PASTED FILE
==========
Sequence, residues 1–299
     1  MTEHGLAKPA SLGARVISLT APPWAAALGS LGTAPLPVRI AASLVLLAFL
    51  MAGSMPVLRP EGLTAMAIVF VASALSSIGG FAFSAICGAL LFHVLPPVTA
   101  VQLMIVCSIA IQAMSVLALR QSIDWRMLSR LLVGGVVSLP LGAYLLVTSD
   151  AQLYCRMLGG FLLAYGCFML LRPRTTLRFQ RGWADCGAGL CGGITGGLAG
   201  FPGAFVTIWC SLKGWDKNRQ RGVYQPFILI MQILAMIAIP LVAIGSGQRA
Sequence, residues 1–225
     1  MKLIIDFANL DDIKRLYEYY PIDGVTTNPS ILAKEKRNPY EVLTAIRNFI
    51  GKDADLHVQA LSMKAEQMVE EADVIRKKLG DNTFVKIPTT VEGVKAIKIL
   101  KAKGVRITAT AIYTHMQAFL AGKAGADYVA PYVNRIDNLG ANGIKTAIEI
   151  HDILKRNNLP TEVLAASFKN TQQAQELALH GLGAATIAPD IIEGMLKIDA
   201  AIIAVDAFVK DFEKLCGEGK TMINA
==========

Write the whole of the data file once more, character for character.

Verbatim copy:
Sequence, residues 1–299
     1  MTEHGLAKPA SLGARVISLT APPWAAALGS LGTAPLPVRI AASLVLLAFL
    51  MAGSMPVLRP EGLTAMAIVF VASALSSIGG FAFSAICGAL LFHVLPPVTA
   101  VQLMIVCSIA IQAMSVLALR QSIDWRMLSR LLVGGVVSLP LGAYLLVTSD
   151  AQLYCRMLGG FLLAYGCFML LRPRTTLRFQ RGWADCGAGL CGGITGGLAG
   201  FPGAFVTIWC SLKGWDKNRQ RGVYQPFILI MQILAMIAIP LVAIGSGQRA
Sequence, residues 1–225
     1  MKLIIDFANL DDIKRLYEYY PIDGVTTNPS ILAKEKRNPY EVLTAIRNFI
    51  GKDADLHVQA LSMKAEQMVE EADVIRKKLG DNTFVKIPTT VEGVKAIKIL
   101  KAKGVRITAT AIYTHMQAFL AGKAGADYVA PYVNRIDNLG ANGIKTAIEI
   151  HDILKRNNLP TEVLAASFKN TQQAQELALH GLGAATIAPD IIEGMLKIDA
   201  AIIAVDAFVK DFEKLCGEGK TMINA